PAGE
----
Of the three ethnic groups whose political preferences swing the electoral votes at the national level, the Igbo lack the political infrastructure to mainstream that choice. The other two groups, Hausa/Fulani and Yoruba have some semblance of unified centralised structure to hoist their choices. The Igbo, prior to British conquest and subjugation and eventual amalgamation of the ethnic nationalities that constituted Nigeria between 1859 and 1914, had no unified centralised authority. In counterpoise to this Igbo milieu, we have the Yoruba and the Hausa/Fulani with well-established political infrastructure.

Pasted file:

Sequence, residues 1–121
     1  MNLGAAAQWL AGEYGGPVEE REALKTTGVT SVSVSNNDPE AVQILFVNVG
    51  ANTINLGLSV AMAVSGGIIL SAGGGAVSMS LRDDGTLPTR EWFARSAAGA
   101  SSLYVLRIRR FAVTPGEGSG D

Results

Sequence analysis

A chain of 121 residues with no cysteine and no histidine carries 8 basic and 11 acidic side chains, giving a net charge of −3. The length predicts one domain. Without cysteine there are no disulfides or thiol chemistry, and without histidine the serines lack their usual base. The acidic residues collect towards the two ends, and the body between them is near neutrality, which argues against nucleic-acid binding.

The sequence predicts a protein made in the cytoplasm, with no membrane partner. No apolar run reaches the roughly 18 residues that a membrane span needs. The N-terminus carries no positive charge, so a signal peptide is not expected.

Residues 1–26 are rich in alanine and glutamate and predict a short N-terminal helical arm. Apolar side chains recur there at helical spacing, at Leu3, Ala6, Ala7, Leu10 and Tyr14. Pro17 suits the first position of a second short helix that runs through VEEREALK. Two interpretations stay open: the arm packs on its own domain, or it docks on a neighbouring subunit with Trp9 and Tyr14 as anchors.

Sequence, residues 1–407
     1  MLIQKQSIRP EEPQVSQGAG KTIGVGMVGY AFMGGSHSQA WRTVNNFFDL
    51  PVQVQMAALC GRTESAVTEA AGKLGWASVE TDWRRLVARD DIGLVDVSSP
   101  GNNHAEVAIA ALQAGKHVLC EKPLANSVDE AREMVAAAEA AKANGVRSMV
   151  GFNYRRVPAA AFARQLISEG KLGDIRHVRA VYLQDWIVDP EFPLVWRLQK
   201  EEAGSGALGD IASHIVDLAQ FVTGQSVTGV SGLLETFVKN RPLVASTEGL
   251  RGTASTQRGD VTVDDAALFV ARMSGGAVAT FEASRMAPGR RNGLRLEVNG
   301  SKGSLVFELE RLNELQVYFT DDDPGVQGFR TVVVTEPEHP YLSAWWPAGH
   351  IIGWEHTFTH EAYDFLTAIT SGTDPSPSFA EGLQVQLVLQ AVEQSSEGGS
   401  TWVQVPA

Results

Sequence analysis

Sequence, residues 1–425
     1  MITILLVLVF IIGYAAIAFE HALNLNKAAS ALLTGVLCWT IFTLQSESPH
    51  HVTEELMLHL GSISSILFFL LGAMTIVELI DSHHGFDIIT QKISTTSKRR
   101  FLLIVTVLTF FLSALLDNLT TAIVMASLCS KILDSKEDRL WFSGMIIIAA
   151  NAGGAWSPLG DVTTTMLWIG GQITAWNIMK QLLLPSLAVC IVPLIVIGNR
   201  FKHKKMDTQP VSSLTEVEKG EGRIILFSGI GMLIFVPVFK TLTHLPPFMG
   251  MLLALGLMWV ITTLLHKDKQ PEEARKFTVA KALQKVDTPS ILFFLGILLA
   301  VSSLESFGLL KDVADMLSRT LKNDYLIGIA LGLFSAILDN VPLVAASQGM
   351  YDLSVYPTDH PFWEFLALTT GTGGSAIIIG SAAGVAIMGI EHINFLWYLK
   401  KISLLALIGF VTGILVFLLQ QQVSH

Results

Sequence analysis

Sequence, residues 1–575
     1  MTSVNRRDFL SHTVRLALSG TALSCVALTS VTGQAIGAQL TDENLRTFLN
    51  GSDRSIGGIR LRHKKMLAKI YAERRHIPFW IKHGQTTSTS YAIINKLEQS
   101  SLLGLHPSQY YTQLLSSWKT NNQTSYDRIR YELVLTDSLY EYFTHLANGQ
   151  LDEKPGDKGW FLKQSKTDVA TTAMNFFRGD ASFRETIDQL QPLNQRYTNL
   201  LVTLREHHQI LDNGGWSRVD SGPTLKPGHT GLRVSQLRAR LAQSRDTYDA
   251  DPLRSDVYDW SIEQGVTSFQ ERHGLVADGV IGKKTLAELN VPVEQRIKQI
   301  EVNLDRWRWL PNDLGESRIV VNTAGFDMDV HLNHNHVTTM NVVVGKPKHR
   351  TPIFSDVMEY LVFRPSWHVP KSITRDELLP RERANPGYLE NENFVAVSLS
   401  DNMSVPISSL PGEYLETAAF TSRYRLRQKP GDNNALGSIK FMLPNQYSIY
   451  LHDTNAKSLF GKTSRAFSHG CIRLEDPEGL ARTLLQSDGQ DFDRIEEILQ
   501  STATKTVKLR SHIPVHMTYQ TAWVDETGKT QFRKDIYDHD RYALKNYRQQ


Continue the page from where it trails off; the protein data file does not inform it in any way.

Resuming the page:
But on the formation of Nigeria on January 1, 1914, all the ethnic nationalities were conquered, subjugated and placed on equal footing as the “subjects” of the British Monarch. None was greater than the other. However, the British by adopting the political structure of the Fulani Islamic Caliphate of Sokoto amounted to the re-conquest of the tribes and subjugation under the Hausa/Fulani and the Igbo was the most devastated. There was public outcry which led to rebellion epitomized by the 1929 Aba Women Riots. Colonialism lasted barely 40 years before some educated Nigerians domiciled in Lagos stirred up nationalist agitation for political independence. This agitation was led by freed slaves that made Lagos home but later joined by locals such as Nnamdi Azikiwe and Obafemi Awolowo. The politics of nationalist agitation was led by Southern educated elements. The deployment of the print media journalism led by Nnamdi Azikiwe (an ethnic Igbo) irked the British colonial establishment and it planned a counter-attack. The attack consisted of informal adoption of the Hausa/Fulani and grooming them and laying a favourable political structure to ensure that whatever happens to their colonial control of Nigeria, their favoured group will be in control of Nigeria after the demise of colonialism.